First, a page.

There are three options for solving this:
Sideband tunnel w/pre-shared key
This method involves setting up a separate VPN tunnel that uses a pre-shared key in order to provide connectivity for enrollment. This could be a temporary tunnel that’s removed when enrollment is complete, or it could be shut down and left in place for use at a later time for other management tasks.
A sideband tunnel for performing management tasks that may bring down the production tunnel(s) is useful, making this a good option. It’s main drawback is the amount of configuration work required on the remote router. It also depends on some expertise on the part of the installer, a shortcoming shared with the manual enrollment method.
A Registration Authority is a proxy that relays requests between the Certification Authority and the device requesting enrollment. In this method an RA is enabled on the untrusted network for long enough to process the enrollment request. Once the remote router has been enrolled the the transport tunnels will come up and bootstrapping is complete.
Using a proxy allows in-band enrollment with a minimum amount of configuration on the remote router, making it less burdensome for the on-site field technician. The tradeoff is we’re shifting some of that work to the head end. Because the hub site staff is likely to possess more expertise, this is an attractive trade-off.
In this method, the endpoint produces a Enrollment request on the terminal formatted as base64 PEM (Privacy Encrypted Mail) Blob. The text is copied and pasted into the terminal of the CA. The CA processes the request and outputs the certificate as a PEM file, which is then pasted into the terminal of the Client router.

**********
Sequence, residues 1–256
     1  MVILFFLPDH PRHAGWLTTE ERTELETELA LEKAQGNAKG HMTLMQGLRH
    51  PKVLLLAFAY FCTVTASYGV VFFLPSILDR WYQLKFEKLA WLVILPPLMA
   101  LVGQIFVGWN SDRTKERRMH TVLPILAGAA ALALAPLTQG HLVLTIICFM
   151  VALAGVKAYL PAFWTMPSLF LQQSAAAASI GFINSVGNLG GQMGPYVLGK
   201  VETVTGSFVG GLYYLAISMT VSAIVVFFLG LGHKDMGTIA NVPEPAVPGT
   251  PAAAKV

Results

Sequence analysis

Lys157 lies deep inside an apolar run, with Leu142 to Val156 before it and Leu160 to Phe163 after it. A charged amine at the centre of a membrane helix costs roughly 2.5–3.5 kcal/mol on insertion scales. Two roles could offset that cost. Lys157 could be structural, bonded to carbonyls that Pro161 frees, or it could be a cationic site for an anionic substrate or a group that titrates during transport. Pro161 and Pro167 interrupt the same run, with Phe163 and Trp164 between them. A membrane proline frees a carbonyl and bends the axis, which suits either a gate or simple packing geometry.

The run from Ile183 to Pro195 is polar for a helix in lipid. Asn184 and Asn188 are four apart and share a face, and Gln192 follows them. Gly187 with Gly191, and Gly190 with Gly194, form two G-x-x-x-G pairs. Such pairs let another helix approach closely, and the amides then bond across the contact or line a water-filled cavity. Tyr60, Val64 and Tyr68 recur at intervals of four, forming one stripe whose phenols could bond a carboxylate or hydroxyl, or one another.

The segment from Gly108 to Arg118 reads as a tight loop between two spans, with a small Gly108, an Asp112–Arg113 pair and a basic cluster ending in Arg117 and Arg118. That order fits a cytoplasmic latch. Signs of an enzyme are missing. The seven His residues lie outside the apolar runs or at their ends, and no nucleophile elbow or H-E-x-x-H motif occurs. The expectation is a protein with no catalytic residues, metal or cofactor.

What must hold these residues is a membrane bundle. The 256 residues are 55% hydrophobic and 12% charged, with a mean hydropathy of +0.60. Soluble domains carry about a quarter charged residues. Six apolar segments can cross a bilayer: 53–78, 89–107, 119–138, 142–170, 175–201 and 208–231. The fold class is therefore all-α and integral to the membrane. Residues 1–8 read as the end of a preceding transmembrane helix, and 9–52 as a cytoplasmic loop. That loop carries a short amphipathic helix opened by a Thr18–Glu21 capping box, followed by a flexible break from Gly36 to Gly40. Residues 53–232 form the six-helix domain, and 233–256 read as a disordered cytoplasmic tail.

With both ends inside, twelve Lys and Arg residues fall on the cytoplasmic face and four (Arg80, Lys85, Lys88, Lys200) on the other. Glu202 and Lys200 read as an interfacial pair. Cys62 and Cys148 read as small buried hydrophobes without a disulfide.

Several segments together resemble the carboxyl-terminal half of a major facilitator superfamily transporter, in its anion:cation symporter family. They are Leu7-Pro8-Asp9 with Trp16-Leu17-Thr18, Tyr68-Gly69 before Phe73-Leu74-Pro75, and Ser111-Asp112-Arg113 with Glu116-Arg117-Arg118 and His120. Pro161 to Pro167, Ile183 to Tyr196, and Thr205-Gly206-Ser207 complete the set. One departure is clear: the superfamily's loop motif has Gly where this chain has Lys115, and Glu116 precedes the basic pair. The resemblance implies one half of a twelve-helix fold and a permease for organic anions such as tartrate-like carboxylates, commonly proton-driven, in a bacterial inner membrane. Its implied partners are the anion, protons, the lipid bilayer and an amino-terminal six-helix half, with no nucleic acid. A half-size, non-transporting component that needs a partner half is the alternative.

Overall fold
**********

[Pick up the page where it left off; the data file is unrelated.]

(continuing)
While this does have the advantage of not requiring network connectivity between the CA and the enrolling router, it does have a couple of drawbacks. Besides being labor intensive and not straightforward for a field technician to work with, endpoints enrolled with the terminal method cannot use the auto-rollover feature, which allows the routers to renew certificates automatically prior to expiration. The author regards this is an option of last resort.
CRL download on spokes problem
The issue here is when the spoke router needs to download the certificate revocation list (CRL) but the CA that has the CRL is reachable only over a VPN tunnel, that cannot come up because the spoke can’t talk to the CA to download a unexpired copy of the CRL in order to validate the certificate of the head end router.
This is actually a pretty easy problem to solve. Disable CRL checking on the spoke routers, but leave it enabled on the hub routers. This way the administrator can revoke a router certificate and that router will not be allowed to join the network because the hub router will see that it’s certificate has been revoked.
Ok, so there are the basics. In the next installment, we’ll step through a minimum working configuration.
Hard to believe it’s been a year since the last update. Time really flies doesn’t it?
I’ve maintained a study schedule, however it’s been oriented around topics that don’t make any sense for a technical blog. That’s going to continue for a time, but I’m also bringing relevant topics back into the mix. This means more regular updates here (yay!).
In addition to straight technical content , I’ll be adding some context and high level overview type things. This is my way of processing and participating in the ongoing community dialog about learning, skill stacks, and general professional development.
There are a lot of exciting things going on and not enough hours in the day. I feel like a kid in a candy store when I get up every morning. Let’s get to stuffing our pockets shall we?